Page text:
Wednesday, June 30, 2021

Tips For Helping You Cope With A Bereavement

When somebody close to us passes, we can experience a wide range of emotions, some of which are unexpected, and it can knock us in a complete spin.   All of these emotions, from deep grief to fury, relief to sorrow, are healthy and valid.

If you have recently lost a loved one and are worried about how you will get through the next few days, weeks, months, and years, here are some coping strategies that may help you through the grieving process.


How might you feel in the early days?

There are no right or wrong responses here, and everyone will have a different reaction. The following emotions and experiences, on the other hand, are entirely natural. Don't be concerned if you don't feel all of them or even some of them. Your feelings are valid, whatever they are.

Numb and in shock

When you learn of the death of someone you truly care about, especially if the death was sudden, it can be difficult to take in and digest the information, thus feeling numb and in shock is typical. Your brain sometimes takes a while to process the information, so you may feel like you are waiting for them to walk through the door or phone you as normal. While it does not sound helpful, feeling numb to start with can almost be a good thing.  If you are engaged in making funeral plans, such as where the funeral will take place, any hymns or music, flowers, and planning a wake, feeling numb surrounding the death itself can help you to focus on making these decisions.

Sudden swings in mood

You may find yourself bouncing between emotions quite quickly and unexpectedly, sometimes feeling multiple different emotions all at once. It might be taxing and make you feel as if you are going mad. But don't panic; this turbulence will pass, and your emotions, although not disappearing, will begin to smooth out.

You might find that you have unhelpful advice and well-meaning but insensitive comments to deal with. 

Most people who are grieving the loss of a loved one have to deal with well-meaning but useless and often very insensitive and upsetting advice and comments from others. Many people simply do not know what to say or do not know how to act - not because they wish to be unkind, but because even now, no one quite knows how to talk about death and our responses to it. 

Things you can do after the death of a loved one

Allow yourself to feel the emotions

It is okay to let yourself feel the emotions. If you feel like you need to cry, cry. If you want to shout and scream, or laugh or smile, do it. it is normal to feel guilty for your feelings, but it is also fine to feel them too - and try not to let anyone make you feel bad for how you choose to react.

It is helpful to discover ways to deal with this complex combination of emotions. If you can, speak with someone who knows what you are going through, whether it is a member of the family or a friend, someone in a support group, or a counselor or therapist. Try to get as much sleep as possible, exercise on a regular basis, and eat healthily. Some people believe that journaling, playing music, or painting and drawing are helpful outlets for their feelings.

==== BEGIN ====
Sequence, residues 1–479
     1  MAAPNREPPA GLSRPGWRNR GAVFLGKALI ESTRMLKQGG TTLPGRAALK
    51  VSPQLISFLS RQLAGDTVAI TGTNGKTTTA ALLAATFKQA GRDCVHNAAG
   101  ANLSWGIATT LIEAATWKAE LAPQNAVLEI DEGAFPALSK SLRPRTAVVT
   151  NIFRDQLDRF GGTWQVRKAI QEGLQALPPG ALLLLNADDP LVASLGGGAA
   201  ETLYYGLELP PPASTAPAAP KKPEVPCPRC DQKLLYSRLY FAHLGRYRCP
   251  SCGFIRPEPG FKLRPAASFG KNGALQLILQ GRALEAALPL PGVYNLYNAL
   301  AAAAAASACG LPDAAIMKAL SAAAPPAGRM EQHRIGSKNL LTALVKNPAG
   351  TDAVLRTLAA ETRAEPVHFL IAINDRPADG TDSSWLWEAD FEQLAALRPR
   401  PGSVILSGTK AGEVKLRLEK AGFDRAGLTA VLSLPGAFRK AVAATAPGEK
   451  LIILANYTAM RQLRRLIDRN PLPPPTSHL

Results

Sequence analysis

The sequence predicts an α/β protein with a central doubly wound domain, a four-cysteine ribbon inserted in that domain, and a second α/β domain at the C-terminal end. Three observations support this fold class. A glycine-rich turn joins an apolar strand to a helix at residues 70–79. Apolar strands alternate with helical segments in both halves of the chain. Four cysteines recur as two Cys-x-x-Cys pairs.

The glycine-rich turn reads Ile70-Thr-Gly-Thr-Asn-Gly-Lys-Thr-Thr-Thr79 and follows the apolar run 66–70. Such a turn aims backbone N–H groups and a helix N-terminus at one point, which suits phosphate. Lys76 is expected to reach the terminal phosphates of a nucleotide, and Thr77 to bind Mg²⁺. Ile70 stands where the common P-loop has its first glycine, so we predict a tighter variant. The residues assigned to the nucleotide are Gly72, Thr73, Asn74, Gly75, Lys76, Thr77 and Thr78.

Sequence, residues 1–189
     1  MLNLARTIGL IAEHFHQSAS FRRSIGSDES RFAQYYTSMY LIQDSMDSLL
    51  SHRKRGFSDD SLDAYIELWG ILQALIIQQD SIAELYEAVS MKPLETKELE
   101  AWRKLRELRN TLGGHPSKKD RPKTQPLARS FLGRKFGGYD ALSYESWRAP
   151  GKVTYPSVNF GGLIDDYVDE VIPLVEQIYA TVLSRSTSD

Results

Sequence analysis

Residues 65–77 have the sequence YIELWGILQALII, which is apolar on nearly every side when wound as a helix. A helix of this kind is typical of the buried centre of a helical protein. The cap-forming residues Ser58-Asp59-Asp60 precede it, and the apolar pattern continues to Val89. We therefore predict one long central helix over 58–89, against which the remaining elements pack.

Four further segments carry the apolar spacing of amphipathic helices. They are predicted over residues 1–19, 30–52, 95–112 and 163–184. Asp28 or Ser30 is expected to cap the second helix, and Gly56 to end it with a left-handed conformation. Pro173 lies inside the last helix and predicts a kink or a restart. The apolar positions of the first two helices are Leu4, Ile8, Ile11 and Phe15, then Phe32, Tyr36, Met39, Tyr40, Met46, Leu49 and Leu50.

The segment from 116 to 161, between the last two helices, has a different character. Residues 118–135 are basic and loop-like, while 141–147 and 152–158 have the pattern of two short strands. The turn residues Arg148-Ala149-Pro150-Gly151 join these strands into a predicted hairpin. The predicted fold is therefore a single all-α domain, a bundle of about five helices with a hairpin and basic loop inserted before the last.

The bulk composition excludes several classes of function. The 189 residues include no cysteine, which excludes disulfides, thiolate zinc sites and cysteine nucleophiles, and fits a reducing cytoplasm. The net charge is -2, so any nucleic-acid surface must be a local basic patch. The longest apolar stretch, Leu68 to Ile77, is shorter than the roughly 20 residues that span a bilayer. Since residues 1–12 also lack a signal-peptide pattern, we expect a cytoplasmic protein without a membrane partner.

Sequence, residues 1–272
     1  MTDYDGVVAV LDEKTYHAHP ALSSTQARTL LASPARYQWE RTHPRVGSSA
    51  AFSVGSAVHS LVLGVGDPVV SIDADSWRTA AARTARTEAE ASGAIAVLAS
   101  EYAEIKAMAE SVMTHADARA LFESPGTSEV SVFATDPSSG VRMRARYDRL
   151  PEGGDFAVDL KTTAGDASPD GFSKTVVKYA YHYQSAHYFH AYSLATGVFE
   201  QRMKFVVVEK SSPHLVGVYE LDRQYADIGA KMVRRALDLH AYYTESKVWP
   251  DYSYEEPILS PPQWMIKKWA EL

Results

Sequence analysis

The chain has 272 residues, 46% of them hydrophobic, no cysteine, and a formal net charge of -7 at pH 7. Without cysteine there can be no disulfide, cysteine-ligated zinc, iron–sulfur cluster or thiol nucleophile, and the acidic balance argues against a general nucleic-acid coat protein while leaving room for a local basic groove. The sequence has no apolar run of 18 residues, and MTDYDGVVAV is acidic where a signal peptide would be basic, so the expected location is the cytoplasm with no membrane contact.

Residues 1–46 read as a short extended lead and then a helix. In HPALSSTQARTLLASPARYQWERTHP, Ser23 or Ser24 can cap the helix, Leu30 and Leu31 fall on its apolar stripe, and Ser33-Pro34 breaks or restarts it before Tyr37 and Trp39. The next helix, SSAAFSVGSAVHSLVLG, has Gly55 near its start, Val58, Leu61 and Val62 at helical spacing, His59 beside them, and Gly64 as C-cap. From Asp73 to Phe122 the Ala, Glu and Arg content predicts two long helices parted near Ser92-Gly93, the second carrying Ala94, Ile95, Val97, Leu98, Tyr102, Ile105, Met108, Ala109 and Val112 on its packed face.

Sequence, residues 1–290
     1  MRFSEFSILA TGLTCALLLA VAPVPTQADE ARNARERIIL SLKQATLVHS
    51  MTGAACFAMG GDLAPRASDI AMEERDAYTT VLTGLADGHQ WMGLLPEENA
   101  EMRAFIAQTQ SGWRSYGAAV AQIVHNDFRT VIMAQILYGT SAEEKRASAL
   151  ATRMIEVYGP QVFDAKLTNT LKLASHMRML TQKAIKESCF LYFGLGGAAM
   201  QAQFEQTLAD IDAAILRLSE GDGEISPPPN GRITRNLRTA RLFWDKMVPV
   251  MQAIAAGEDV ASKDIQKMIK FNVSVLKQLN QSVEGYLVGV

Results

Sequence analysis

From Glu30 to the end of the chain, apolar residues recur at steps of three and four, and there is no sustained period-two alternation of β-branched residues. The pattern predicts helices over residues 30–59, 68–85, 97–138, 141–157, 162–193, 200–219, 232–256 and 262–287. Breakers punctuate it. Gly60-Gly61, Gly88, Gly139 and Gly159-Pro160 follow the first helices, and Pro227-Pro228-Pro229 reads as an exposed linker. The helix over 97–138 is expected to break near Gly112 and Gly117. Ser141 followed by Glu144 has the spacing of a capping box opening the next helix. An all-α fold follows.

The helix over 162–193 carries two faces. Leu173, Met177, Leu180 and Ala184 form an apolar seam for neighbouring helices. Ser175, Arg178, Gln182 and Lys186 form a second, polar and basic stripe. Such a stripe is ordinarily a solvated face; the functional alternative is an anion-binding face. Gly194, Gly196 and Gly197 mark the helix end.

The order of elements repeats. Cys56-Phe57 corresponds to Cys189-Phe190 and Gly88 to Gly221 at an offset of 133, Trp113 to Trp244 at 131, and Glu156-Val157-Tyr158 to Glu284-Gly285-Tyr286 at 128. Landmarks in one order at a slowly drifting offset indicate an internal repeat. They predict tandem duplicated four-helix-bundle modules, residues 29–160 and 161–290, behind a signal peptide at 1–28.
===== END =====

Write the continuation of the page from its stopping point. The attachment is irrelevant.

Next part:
Be kind to yourself

Grief does not go away in a matter of weeks, months, or even years. It can last a lifetime for some people. Don't worry about setting time limits or schedules for yourself, and allow yourself as much time as you need to grieve.

Build some new memories

You may never completely erase the sadness that you feel following the death of a loved one, but you can work towards creating new memories and stories to carry with you as you begin to go on with your life without them. It has been said that the best way to remember someone who has passed away is to create new memories in their honor.

 If they had always enjoyed going to a certain place or if they had always wanted to travel somewhere but have never gotten around to it, why not take a vacation there and build some memories in their memory? You could also look at commissioning cremation jewelry pendants for ashes, so that they can be with you wherever you are.

The practicalities after a death

This is dependent on your relationship with the deceased and your level of culpability. Assuming you are next of kin and are in charge of the practical arrangements, here are some of the things that you might need to do. 

Let family and friends know

Previously, the deceased person’s relatives would have an obituary or death announcement printed in the local paper. It is becoming more typical these days for folks to post it on social media or to send an email or text message to others informing them of the tragic news.

Let the relevant people and authorities know

Friends and family are not the only people who need to know. Sadly, one thing that always needs to be done is the formal registration of the death in order to obtain a certificate. After you have this, it is time to let workplaces, mortgage providers or landlords, insurers, banks, pension providers and so on know that the person is no longer alive. This is not an easy thing to do, and many organizations make it complicated, so have someone around to support you if possible.

Think about the funeral

This is your chance to say goodbye to the person and arrange a send-off that you know that they would have loved. Will you choose a burial or a cremation? What music will you have and flowers? Will you have a party or a gathering afterward to celebrate their life?

Coping with a bereavement is difficult, but these tips may help it feel just that little bit easier. 

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